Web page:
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Mary Frances Reynolds wanted to be a gym teacher. She grew up a ball-playing, tree-climbing tomboy from a church-going family in Burbank, Calif. A chance decision to enter a local beauty contest at age 16 and the surprising victory that ensued led to a contract with Warner Brothers, a name change (to Debbie, although she said in an early interview that she would have preferred “Patches” or “Saucy”) and a long on-screen career, for which she was honored last year with a Lifetime Achievement Award at the Screen Actors Guild Awards.
Reynolds, who died Wednesday at 84, just one day after her daughter Carrie Fisher died following a heart attack, did not grow up singing, dancing or acting. But once she entered show business she worked tirelessly to develop those talents. Beginning with her brief stint at Warner Bros. as a teenager, she regularly put in 10-hour days honing all three. She appeared in one musical film with the studio (The Daughter of Rosy O’Grady in 1950), then got picked up by MGM after playing Helen Kane (the “Boop Boop a Doop” girl) across from Fred Astaire in Three Little Words.
But her breakout role would come in 1952, when she played aspiring actress Kathy Selden opposite Gene Kelly and Donald O’Connor in Singin’ in the Rain. That movie catapulted Reynolds, who could barely dance a step when she first met Kelly on set, to stardom. She went on to make movies like Tammy and the Bachelor, in 1957, which gave her a No. 1 hit on the Billboard charts, How the West Was Won in 1962 with Gregory Peck and The Unsinkable Molly Brown in 1964, for which she received an Oscar nod.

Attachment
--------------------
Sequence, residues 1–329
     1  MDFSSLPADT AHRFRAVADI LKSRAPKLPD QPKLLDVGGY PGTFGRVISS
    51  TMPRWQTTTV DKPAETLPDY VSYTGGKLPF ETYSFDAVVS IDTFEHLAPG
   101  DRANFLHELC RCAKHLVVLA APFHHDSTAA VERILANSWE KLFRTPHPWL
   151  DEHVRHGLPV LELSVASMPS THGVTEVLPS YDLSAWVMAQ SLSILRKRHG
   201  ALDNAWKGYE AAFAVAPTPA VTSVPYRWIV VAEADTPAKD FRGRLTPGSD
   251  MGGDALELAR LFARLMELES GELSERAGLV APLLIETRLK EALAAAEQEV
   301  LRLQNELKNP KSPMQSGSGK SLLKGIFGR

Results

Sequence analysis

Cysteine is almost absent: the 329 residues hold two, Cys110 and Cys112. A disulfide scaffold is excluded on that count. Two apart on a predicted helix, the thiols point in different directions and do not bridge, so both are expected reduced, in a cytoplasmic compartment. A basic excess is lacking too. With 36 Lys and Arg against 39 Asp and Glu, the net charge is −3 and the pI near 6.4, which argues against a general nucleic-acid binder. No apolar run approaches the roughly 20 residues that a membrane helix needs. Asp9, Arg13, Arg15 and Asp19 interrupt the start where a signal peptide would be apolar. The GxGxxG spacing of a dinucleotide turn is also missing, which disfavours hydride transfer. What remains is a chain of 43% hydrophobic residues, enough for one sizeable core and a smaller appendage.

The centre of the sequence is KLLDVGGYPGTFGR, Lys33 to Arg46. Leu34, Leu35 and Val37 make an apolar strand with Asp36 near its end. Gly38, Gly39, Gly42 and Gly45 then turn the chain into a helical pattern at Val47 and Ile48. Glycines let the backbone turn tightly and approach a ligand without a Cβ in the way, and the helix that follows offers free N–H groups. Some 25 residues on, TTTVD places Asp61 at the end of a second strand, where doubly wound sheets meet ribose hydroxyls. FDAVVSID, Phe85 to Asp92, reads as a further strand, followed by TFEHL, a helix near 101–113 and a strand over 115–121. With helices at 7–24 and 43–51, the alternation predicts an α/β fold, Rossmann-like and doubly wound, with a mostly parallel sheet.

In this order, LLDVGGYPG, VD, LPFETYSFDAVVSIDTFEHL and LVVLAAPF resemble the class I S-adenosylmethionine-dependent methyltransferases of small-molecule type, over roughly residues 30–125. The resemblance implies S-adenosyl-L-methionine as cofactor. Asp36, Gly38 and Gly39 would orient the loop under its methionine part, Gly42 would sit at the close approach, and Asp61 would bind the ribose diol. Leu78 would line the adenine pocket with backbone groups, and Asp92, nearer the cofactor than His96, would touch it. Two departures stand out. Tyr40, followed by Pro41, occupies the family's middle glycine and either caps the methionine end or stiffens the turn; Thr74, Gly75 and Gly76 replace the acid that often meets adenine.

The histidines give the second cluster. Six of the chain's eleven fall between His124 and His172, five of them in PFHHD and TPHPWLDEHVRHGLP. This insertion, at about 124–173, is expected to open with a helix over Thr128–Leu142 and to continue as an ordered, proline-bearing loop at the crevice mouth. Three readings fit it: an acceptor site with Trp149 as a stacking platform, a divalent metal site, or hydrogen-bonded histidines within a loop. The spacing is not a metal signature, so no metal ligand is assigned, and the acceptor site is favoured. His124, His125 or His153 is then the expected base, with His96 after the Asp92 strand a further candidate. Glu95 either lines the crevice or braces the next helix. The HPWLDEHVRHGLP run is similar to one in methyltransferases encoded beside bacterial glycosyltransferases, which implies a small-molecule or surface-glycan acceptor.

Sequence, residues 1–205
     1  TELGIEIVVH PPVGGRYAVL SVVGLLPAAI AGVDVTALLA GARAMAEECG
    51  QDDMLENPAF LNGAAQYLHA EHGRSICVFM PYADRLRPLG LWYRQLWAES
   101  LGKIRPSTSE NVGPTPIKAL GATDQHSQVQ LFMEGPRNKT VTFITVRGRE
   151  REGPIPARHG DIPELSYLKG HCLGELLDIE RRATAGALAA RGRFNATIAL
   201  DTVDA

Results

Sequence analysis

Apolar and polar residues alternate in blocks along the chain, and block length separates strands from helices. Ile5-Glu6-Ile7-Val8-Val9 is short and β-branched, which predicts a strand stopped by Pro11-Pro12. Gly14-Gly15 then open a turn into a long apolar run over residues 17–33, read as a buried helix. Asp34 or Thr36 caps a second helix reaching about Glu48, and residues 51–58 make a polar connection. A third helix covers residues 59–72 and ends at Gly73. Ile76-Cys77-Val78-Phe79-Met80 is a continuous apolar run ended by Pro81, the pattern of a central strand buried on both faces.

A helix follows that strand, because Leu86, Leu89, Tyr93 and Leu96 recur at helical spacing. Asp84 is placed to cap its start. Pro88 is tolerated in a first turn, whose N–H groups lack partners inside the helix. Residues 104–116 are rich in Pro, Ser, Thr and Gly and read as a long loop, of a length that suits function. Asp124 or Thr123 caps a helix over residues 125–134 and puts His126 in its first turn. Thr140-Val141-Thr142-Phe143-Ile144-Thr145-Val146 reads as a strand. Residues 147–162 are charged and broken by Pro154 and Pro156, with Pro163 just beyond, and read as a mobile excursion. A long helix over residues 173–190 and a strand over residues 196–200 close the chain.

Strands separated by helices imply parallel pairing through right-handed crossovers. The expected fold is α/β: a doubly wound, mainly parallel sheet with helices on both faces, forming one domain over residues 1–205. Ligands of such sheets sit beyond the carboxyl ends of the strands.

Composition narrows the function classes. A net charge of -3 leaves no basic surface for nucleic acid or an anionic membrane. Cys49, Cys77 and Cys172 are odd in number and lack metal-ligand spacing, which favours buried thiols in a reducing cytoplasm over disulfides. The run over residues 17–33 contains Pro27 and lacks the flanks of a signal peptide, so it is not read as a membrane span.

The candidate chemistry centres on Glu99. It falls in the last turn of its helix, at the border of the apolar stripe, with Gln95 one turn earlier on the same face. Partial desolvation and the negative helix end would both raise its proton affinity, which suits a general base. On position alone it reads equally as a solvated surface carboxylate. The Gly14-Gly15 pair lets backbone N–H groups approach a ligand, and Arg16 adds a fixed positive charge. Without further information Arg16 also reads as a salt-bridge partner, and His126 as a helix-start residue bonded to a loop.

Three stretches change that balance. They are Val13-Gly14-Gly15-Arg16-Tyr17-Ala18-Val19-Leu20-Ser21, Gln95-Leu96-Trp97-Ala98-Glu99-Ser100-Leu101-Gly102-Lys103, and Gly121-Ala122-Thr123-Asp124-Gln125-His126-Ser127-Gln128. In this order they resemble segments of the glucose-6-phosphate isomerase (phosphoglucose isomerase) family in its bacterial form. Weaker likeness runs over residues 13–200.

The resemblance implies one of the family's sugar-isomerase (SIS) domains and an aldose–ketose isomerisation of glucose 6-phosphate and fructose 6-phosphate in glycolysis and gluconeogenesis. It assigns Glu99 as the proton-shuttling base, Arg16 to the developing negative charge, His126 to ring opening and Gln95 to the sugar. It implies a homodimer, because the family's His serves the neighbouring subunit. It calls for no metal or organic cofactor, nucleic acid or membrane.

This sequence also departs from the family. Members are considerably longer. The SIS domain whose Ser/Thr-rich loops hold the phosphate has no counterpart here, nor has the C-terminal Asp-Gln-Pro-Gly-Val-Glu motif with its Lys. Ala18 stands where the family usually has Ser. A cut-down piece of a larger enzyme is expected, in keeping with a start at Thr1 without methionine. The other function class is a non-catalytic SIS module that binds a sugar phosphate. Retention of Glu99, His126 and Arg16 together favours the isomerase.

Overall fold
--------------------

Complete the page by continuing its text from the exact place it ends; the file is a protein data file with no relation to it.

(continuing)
As much as her work kept her in the spotlight, Reynolds also received unwanted attention for a scandal in her personal life, though not of her own making. In a love triangle that provided as much tabloid fodder as the Aniston-Pitt-Jolie drama of the early aughts, Reynolds’ husband Eddie Fisher, Carrie’s father, divorced her in 1959 and immediately married her close friend Elizabeth Taylor. Reynolds has said that she was to Taylor as Aniston was to Jolie: the all-American girl next door spurned by the hypersexualized bombshell.
“I stood no chance against her,” she once said. “What chance did I have against Elizabeth, a woman of great womanly experience, when I had no experience at all?”
LIFE Magazine described her that year as “Eddie’s scorned woman,” but emphasized that she was “not one to retreat behind dark glasses.” Outwardly, she was, despite her painful personal drama, “full of fun and bouncy as a kitten on a living room rug.” And though she was at that time a decade into her career, the magazine described her with as much innocence as it might have described that boyish teenager: “Debbie is a homespun girl and she loves Coke, chewing gum and popcorn.”
The Lifetime Achievement Award she received in 2015 offered overdue recognition for a performer with a closet full of nominations — for an Oscar, an Emmy, a Tony and two Golden Globes — but no major wins. Reynolds’ career counted dozens of film projects, including voice-over work (most notably, as Charlotte in Charlotte’s Web), as well as turns on Broadway and television. She continued to work in the years preceding her death, with her most notable recent role as Liberace’s mother in the 2013 HBO movie Behind the Candelabra.
It all amounted to quite a collection of stripes on the sleeves of a woman whose entire career began by accident. “I’m very proud to say I was Miss Burbank and had a hole in my bathing suit and my rear end was hanging out and I didn’t have shoes, high-heel shoes,” she said in an interview in 2013. “I’m very grateful for stumbling into show business.”
Liz Ronk, who edited this gallery, is the photo editor for LIFE.com. Follow her on Twitter at @LizabethRonk.